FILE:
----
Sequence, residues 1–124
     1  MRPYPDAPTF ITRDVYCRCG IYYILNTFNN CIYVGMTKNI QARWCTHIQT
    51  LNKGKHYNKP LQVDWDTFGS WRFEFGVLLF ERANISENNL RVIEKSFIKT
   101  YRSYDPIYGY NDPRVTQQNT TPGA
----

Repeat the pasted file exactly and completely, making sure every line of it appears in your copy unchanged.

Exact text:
Sequence, residues 1–124
     1  MRPYPDAPTF ITRDVYCRCG IYYILNTFNN CIYVGMTKNI QARWCTHIQT
    51  LNKGKHYNKP LQVDWDTFGS WRFEFGVLLF ERANISENNL RVIEKSFIKT
   101  YRSYDPIYGY NDPRVTQQNT TPGA